''We're encouraging young people to do death-defying things in gymnastics,'' Fost says. ``I have a daughter who has suffered five fractures and dislocations in gymnastics. If the concern on steroids is protecting athletes from life-threatening, limb-threatening things, if it's really paternalistic, gymnastics would be a much more sensible place to start than steroids. It's more dangerous.''
''Or how about football?'' Fost says. ``There's far more permanent disability in football than there is from steroids. Just practicing in the summertime can kill you and does. Football is way more harmful than steroids, way more. In football, just about everyone who plays a good amount of time is permanently disabled in some way, there are spinal risks and even a small chance of dying or dying early. We let athletes make those risk choices in exchange for money. Why is it that we let them play quarterback, with a very high health risk to the brain or spine, but won't let them take steroids, with a very low health risk?''
''Children should not use steroids,'' Fost says. ``There should be an absolute prohibition on steroids for children under 18. It can stunt growth. There are irreversible dangers that are more dangerous than voice changes, acne and growing hair in undesirable places. But athletes? They should have access to the drugs with FDA approval and supervision. They are going to take this with our without testing -- the users always have been ahead of the testers scientifically -- so why not have the information and drugs in the regular marketplace instead of how we have it now?''
''I really don't understand the media's role in creating this kind of hysteria about steroids,'' Fost says. ``There's Lyle Alzado dying on the cover of Sports Illustrated and in The New York Times with a this-is-what-happens-on-steroids headline. It's just not true. He had brain cancer. There is no empirical link between steroids and brain cancer. It's just not true.''

Fortunately, his health problems weren't permanent, but I shudder when thinking about the effects steroids might have on someone who's eighteen or nineteen.

I shudder when thinking about the effects cigarette smoking might have on someone who's 18 or 19. I suppose we should make it illegal for them to purchase cigarettes?

SSN721
03-09-2004, 11:58 AM
''Children should not use steroids,'' Fost says. ``There should be an absolute prohibition on steroids for children under 18. It can stunt growth. There are irreversible dangers that are more dangerous than voice changes, acne and growing hair in undesirable places.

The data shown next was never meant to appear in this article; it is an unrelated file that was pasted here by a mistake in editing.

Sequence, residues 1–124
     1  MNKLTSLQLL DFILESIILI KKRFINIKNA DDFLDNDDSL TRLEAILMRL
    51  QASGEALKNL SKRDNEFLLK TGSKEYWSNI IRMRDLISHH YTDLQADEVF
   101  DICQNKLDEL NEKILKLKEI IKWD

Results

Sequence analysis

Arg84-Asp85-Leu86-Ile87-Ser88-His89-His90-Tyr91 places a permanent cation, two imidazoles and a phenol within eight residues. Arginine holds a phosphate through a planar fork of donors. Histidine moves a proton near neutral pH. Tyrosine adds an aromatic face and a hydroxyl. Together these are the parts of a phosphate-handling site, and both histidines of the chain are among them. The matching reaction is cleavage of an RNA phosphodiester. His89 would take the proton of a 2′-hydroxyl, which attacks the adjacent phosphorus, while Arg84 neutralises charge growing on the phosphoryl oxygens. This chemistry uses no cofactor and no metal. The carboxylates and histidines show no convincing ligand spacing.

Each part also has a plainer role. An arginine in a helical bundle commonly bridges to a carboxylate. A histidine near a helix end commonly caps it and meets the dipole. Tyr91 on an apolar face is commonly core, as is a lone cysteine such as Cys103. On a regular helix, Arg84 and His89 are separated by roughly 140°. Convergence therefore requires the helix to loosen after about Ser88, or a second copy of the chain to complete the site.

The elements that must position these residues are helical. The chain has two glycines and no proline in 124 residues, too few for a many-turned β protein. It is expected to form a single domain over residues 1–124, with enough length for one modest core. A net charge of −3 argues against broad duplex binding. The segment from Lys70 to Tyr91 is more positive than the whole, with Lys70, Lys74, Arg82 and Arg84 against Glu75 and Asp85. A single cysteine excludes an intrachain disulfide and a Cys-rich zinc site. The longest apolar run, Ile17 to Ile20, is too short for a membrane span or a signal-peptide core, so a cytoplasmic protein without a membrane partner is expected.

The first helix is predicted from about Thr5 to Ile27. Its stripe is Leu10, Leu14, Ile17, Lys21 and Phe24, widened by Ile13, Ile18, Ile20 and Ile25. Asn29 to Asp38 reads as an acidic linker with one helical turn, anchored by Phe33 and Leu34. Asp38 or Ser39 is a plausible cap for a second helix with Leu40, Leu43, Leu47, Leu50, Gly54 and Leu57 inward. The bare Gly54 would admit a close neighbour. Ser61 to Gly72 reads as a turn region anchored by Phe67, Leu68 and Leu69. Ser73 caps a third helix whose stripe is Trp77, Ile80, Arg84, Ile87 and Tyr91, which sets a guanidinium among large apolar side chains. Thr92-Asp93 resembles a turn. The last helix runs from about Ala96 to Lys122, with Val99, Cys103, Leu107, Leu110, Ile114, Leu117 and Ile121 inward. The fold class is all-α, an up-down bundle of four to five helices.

Isn't this enough reason to prohibit athletes from using it. You cant possibly tell me that kids aren't going to take steroids to make it to the bigs when the major leaguers are openly taking it. I wont argue that taking steroids properly with medical supervision is not necessarily detrimental to ones health, but who is going to a doctor to supervise their steroid cycles making sure they are taking it safely? I can almost guarantee no one under 18 is, who can afford that? Athletes might be able to take it properly but it just sends a horrible message to kids who can be adversely effected by them. I just feel open consumption of steroids and lack of effort on MLBs part to regulate them tells kids its okay to take them and thats why you have to do to get to that level. Is that safe?

PaleHoseGeorge
03-09-2004, 12:43 PM
Originally posted by MarkEdward
Ah, key word being "potential." Sure, taken with reckless abandon, I'm positive steroids can screw one up. However, overdosing on anything can make you sick. From what I've read, taken under physician supervision, steroids really aren't that harmful....

Mark, please explain why you would think baseball players would follow doctor's orders? I'm especially interested in hearing your theory in light of the 2003 random testing results that showed ballplayers trying to get an upper-hand on the rest of the league even though they knew mandatory testing would be the result if too many were randomly tested for doping???

The facts lead any reasonable observer to only one conclusion: for the ballplayers this is a race to the bottom with everyone afraid of the consequences if they *don't* dope.

There is no way we could expect ballplayers to police themselves on this matter. To the contrary they've proven themselves outrageous abusers when left to their own discretion on the matter.

Put a stake through the heart of this Steroids monster.

rahulsekhar
03-09-2004, 12:49 PM
Originally posted by PaleHoseGeorge

The facts lead any reasonable observer to only one conclusion: for the ballplayers this is a race to the bottom with everyone afraid of the consequences if they *don't* dope.



This is a huge point that I think gets overlooked. Yes, I believe that steroids affect the purity of the game. But the biggest problem is that allowing it basically forces most major leaguers to use them because they'll most likely lose out otherwise to those who do.

That's not an issue for the owners, or even the fans (although my first point is). But it should be a huge one for the players. And surprisingly, I haven't heard many complain about it.

Would you want to be told: "Take these potentially dangerous drugs or most likely lose your job"? Not I.

jackbrohamer
03-09-2004, 12:52 PM